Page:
Sunday, 27 September 2009

Switching sides.

If there's one thing the News of the World can be proud of, it's the ability to switch sympathies within a matter of hours after an opportunity for a headline presents itself.

Even more audacious than Carole 'I always liked Jade Goody, despite what I said earlier' Malone's attacks of literary diahorrea (something I want to get my teeth into later), the NotW has decided the quickest way to jump on the Andre v Andre gravy train is to get Dwight Yorke in for a bit of 'insight' into the matter.

The only person who can safely be assumed to be the villain of the piece is somewhat incredibly painted as the heroic father figure, with any whiff of fact thrown out of the window. Fair play to them, they've managed to attempt to portray a hero in a man that abandoned his disabled son after a brief relationship with a glamour model; this is pretty professional stuff considering the level of journalism is barely above that of a racist monkey on a typewriter.

Apparently Jordan's son sustained a burn to his leg, which when Yorke found, made him 'want to smash up the ward'. Not start court proceedings for full custody or call social services? Well, I guess he needed a few years to think about it first. I should probably say at this point that I'm completely indifferent to the characters involved in this banal tale, it's only the NotW's level of denial to the facts that makes me come across as some sort of Katie Price raging fanboy. I suppose I set my expectations too high of the Sunday papers, hoping to find something that resembles journalism on a Sunday is like finding something that resembles anything other than race hate in the Daily Mail.

But really, it's the columnists that do my head in. A recent story dominating my local headlines (and now national), is the sad tale of a woman and her disabled daughter who committed suicide after the police ignored the bullying taking place at the hands of local youths. A sad thing that happened when the police overlooked this case, one might think. Although Carole 'do you have kids? Then shut the fuck up' Malone sees it another, more hysterically paranoiic way:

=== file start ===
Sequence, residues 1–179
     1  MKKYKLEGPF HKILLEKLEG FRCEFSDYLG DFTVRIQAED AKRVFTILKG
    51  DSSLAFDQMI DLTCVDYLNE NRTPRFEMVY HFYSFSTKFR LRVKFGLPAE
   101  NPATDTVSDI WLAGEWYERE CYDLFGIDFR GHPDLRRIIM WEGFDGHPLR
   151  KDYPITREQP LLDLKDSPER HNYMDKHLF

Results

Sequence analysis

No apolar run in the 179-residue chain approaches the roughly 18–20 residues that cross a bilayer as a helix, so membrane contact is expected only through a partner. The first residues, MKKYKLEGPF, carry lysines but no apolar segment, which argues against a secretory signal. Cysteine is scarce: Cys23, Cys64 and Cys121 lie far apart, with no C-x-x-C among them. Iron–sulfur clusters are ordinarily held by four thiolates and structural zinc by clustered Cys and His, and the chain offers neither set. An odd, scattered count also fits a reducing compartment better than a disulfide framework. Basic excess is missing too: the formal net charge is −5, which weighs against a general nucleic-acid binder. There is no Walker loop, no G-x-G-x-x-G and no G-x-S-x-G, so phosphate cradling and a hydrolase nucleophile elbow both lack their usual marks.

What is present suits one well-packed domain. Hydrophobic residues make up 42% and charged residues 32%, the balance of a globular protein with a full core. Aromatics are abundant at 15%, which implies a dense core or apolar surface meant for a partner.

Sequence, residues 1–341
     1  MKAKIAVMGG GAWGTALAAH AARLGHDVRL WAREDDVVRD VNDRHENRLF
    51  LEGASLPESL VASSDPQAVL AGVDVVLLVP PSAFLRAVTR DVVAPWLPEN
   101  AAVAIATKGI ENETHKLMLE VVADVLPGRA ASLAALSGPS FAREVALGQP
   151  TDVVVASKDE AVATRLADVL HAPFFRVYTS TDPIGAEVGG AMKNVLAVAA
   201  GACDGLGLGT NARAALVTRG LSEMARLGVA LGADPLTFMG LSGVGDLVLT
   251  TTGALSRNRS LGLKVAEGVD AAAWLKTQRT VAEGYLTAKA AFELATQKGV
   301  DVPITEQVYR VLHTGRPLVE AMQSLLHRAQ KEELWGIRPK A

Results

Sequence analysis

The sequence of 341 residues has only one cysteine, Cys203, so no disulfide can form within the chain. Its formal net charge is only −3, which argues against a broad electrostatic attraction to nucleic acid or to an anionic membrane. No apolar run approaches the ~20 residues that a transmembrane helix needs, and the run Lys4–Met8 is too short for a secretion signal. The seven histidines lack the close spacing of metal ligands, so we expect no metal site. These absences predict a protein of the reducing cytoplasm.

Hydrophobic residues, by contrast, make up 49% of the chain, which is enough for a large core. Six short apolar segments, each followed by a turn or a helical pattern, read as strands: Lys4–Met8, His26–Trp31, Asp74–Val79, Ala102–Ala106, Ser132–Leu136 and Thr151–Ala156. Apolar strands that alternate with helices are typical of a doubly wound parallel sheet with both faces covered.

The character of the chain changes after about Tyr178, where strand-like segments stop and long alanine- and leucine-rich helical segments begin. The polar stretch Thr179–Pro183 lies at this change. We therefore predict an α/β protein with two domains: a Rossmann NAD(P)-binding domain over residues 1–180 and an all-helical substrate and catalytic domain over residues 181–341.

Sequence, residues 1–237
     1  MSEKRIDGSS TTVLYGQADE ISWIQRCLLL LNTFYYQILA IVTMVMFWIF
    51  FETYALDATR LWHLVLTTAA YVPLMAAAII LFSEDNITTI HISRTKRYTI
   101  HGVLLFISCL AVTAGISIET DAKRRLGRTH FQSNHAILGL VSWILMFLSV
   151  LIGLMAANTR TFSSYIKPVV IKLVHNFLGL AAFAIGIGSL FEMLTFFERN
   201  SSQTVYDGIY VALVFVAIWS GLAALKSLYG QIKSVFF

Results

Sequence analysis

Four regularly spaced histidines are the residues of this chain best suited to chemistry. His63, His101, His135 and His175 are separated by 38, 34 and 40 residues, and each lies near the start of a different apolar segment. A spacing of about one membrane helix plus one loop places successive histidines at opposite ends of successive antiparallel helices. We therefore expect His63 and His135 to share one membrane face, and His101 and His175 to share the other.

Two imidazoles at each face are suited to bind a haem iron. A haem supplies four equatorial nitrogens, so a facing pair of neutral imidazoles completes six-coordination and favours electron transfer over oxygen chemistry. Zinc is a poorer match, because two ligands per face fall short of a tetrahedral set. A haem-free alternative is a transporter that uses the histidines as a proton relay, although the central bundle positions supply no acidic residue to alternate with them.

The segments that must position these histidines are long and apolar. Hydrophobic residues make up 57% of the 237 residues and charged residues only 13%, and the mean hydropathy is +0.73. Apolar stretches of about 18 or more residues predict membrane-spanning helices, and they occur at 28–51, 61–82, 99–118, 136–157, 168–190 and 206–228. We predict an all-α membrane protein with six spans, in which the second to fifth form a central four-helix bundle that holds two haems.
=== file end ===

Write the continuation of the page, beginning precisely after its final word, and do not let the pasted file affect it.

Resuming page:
"Fiona was a British... being terrorised on a daily basis - yet still she wasn't considered a priority in PC Britain. Perhaps if she'd been an illegal immigrant, someone from a different country claiming to have been persecuted - better yet if she'd been a victim of racism - I suspect teams of officers would have been beating a path to her door."

Yeah, Carole. Hit the nail on the head. Those fucking immigrants. You'd think we were blaming them for stuff they hadn't even done or something.

Saturday, 26 September 2009

Fear tactics.

After news that Iran has taken North Korea's place as the wayward child of the United Nations and developed nuclear weapons, it's time to once again consider something we haven't needed to think about since the Cold War; what to do if a big fat nuke drops in our garden.

Ok, I'm being dramatic, obviously if that happened, no Scout's guide on Earth is going to change the toasted outcome of that one. However, there's nothing like Government information guides written and produced in the 70s and 80s to thoroughly scare the shit out of the British public in the name of information.

20 short films were produced in order to advise the public what to do if we were attacked with nuclear weapons. This one in particular is a highlight.

As if this wasn't enough to encourage one to be prepared for the incoming nuclear holocaust, the kids got their own version. Children's informational programmes about dangerous stuff in the 70s and 80s were known for inducing nightmares on a level that makes The Exorcist look like a walk in the park, with producers clearly deciding that pushing death in the faces of the young ones was the way forward. Even something as basic as telling them to stay away from deep water needed a Grim Reaper to hammer the message home.

Even after being hardened by this emotional abuse, there was nothing to prepare the little ones for Threads, a docu-film about a nuclear attack on Northern England. A thirteen-part series in small enough chunks to be shown in school classes, it's surprising more kids didn't join the armed forces for some emotional shelter. Here's some highlights from Threads: